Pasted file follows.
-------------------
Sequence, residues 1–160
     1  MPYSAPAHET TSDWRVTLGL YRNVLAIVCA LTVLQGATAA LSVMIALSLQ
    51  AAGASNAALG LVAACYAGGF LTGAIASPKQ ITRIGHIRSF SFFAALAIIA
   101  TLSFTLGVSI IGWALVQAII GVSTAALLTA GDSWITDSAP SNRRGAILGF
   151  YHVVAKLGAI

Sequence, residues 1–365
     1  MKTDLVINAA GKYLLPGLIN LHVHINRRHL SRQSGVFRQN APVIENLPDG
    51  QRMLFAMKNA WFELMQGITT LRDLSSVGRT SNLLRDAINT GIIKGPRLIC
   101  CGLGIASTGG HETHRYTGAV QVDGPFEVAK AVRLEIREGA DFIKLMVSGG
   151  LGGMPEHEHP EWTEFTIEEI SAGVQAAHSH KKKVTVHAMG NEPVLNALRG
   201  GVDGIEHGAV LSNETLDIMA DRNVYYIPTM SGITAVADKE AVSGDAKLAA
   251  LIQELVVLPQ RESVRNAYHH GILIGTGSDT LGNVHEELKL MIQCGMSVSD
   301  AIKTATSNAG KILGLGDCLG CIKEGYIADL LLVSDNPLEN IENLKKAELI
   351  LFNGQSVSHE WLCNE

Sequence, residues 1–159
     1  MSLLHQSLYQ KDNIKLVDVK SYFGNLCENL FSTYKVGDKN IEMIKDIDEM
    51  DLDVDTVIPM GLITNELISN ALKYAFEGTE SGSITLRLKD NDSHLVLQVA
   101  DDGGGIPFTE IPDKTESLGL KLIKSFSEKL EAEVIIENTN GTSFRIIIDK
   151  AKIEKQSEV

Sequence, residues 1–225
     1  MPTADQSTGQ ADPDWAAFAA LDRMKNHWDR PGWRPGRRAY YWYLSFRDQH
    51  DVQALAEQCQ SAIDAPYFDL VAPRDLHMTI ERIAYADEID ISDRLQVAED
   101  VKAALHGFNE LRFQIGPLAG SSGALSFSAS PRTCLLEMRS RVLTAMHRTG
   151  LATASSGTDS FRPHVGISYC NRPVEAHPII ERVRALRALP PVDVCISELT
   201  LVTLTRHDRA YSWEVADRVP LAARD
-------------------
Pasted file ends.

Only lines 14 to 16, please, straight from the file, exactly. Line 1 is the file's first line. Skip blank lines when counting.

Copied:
   351  LFNGQSVSHE WLCNE

Sequence, residues 1–159
     1  MSLLHQSLYQ KDNIKLVDVK SYFGNLCENL FSTYKVGDKN IEMIKDIDEM